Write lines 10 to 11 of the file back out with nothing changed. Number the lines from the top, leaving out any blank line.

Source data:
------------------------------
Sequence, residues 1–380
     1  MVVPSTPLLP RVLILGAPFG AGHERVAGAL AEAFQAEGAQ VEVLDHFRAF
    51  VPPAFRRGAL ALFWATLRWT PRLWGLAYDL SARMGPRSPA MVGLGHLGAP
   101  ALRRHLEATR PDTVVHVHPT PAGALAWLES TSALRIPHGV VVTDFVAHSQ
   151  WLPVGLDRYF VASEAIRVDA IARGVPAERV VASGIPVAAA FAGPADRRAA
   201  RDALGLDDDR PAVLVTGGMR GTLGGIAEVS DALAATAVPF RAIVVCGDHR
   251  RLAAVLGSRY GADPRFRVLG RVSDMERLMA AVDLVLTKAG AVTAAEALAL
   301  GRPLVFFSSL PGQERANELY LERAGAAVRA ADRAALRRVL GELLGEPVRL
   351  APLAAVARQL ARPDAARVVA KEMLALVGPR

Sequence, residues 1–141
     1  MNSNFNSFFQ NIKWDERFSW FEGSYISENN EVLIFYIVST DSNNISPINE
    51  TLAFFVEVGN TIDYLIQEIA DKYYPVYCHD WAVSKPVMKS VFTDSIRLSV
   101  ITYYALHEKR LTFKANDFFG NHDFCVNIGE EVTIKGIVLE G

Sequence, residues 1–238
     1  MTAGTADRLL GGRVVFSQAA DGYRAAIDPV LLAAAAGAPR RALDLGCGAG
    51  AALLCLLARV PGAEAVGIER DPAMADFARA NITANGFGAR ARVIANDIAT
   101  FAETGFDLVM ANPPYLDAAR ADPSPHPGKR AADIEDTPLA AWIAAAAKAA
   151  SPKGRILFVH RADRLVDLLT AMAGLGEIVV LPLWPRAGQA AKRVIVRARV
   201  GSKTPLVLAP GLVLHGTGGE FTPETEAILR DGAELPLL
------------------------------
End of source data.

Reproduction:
Sequence, residues 1–141
     1  MNSNFNSFFQ NIKWDERFSW FEGSYISENN EVLIFYIVST DSNNISPINE